I got ready to go and as soon as Dad surfaced from his room I informed him I was off on another wee adventure. “Are you right in the head?” he wanted to know when he found out what Newgrange was. Probably not. But, at least it's only a couple of hours away by car. I took the now familiar high mountain road through the Mournes to Newry, where I’ve been back and forth a few times on my researching forays into Armagh. In Newry I headed south and picked up the M1 to Dublin. In minutes a sign by the roadside welcomed me to County Louth, and I was already in another country! Not that you could tell. It’s all beautiful.

The speed limit signs showed 120. All right! I put my foot to the accelerator... let’s see what my little Sputnik capsule (Ford Ka) was made of. It roared into delighted overdrive and zoomed past all number of trucks and RV’s. Then I remembered it was 120 kilometers per hour, not miles. Oops. Not that I reached that high, of course! I slowed down, but not before I found out that wee Sputnik definitely has warp drive capability.

At my exit not far from Drogheda I had to pay toll to leave the freeway, but had forgotten they use the Euro down here. The lady in the kiosk gave me a pitying look and accepted my two pound sterling coin for the €1.90 and handed me back 10 cents as change.

A few miles west and I arrived at the visitor centre. Coaches filled the parking lot; a popular tourist spot, obviously. To my surprise (but shouldn't have been) I discovered the majority of visitors to be American. Busloads of them! Now, here’s an odd thing. When I’m in the States I don’t hear anything out of the ordinary about the way people talk. But here I noticed immediately how loudly most of them spoke; forcing everyone around to hear whatever crossed their mind at any given time. It somewhat spoiled the atmosphere of Newgrange. Not that I expect people to talk in hushed tones of reverence, but I was there to see part of Ireland’s ancient history, not listen to folks bellow about the minutiae of life.

I am a person between worlds. The Irish treated me like an American visitor, and the Americans treated me like a local. I am both, of course, which is confusing at best. I stayed silent most of the time. I do have a lot on my mind and this trip south afforded me time to think and hopefully get perspective. But I was the only single visitor there at the time, and it appeared to disconcert the others. Strange.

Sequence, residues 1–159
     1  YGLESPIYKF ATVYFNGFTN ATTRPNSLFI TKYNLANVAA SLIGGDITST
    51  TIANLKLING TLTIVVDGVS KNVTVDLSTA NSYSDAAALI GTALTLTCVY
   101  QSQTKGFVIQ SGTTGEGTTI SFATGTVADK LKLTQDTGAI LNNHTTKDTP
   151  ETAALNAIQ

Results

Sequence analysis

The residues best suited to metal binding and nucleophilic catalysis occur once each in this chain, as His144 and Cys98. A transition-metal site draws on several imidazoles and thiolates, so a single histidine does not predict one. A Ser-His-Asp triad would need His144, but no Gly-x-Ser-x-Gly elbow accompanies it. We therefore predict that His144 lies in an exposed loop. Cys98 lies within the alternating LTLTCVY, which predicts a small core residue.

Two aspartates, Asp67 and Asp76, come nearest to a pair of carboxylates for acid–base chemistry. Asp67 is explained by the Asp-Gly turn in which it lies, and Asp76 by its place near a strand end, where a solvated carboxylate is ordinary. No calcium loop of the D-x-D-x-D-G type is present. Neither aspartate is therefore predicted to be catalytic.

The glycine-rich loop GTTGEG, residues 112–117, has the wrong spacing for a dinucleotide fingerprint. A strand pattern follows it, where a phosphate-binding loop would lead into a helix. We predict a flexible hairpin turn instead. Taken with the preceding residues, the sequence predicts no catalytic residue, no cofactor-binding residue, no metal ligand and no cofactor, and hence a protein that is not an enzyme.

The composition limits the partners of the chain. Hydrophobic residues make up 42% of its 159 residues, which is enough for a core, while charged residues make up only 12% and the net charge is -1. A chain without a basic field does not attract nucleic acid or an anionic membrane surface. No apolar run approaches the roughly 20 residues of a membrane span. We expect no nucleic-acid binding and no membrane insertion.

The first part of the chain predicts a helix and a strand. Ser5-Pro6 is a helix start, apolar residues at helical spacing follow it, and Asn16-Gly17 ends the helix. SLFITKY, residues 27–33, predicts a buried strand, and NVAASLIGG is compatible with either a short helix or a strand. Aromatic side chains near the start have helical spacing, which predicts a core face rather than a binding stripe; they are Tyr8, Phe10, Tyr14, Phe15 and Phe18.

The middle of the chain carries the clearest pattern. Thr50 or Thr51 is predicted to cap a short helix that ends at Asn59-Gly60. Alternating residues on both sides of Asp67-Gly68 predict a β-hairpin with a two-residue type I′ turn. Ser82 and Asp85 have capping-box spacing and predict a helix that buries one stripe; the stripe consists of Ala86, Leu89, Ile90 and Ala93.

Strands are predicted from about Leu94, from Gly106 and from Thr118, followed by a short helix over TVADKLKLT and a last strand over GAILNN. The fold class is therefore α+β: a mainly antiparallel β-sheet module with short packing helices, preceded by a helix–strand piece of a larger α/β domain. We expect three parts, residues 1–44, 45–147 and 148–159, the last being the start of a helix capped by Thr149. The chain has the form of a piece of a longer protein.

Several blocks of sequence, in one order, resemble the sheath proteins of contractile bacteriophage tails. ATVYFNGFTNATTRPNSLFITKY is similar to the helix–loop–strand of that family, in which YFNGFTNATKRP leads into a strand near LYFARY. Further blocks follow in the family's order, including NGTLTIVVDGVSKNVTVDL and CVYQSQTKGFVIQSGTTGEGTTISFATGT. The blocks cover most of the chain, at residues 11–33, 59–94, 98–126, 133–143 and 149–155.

But I digress. I took both of the tours available, to the Knowth site as well as Newgrange. The only time I got a feeling for the ancient majesty of these passage tombs was when I was able to steal away by myself and take photos of a standing stone in front of a parallel line-engraved kerbstone. That was brief, but at least I felt it. It was fascinating to crouch down low and follow the long passageway into Newgrange to the inner chamber, but it was devoid of any ambience. Just too many people and too many loud conversations. The guide used lighting to emulate the sunrise as it flooded through the roof box into the chamber, which was the highlight of the tour.

At the end of the afternoon, as everyone else piled into their coaches to head back to their hotels, I got into Sputnik and drove back up north. What a lovely way to spend such a glorious sunny day.

Solstice sunrise at Newgrange
(nicked from Google Images - all the other photos I took myself!)


One of the kerbstones

Passage entrance, with roof-box above

Standing stone at entrance, Knowth

View of River Boyne from top of passage tomb, Knowth

Passageway into Knowth

A whole other book....

I'm back from Croatia almost a week. Hard to believe that yesterday a week ago I spent the morning searching for a place other than the hotel pool to swim, and found a tiny isolated cove with no one but shoals of fish to share the Adriatic with. What a glorious experience, having the sea to myself like that!

By comparison, it was drizzly and gray in Northern Ireland yesterday. I found myself feeling a little gloomy, so closed down the computer and headed into the seaside town of Newcastle to do the one thing guaranteed to soothe the troubled female heart: shopping! I came home with some new clothes and a handbag/purse… and feel marvelous!

I had intended to write about my trip to Croatia and Bosnia, but you know something? No one honestly could care less about someone else’s vacation! So I won’t bore you. Anything of particular interest I already posted on my Facebook page. If you’re feeling generous of spirit this weekend, please go there and like the page, pretty please.  I am suffering from like envy. A lot of my compatriots’ pages have a lot more likes than me! (Whine whine whine. I guess we never get out of high school, right?) Click HERE to link there.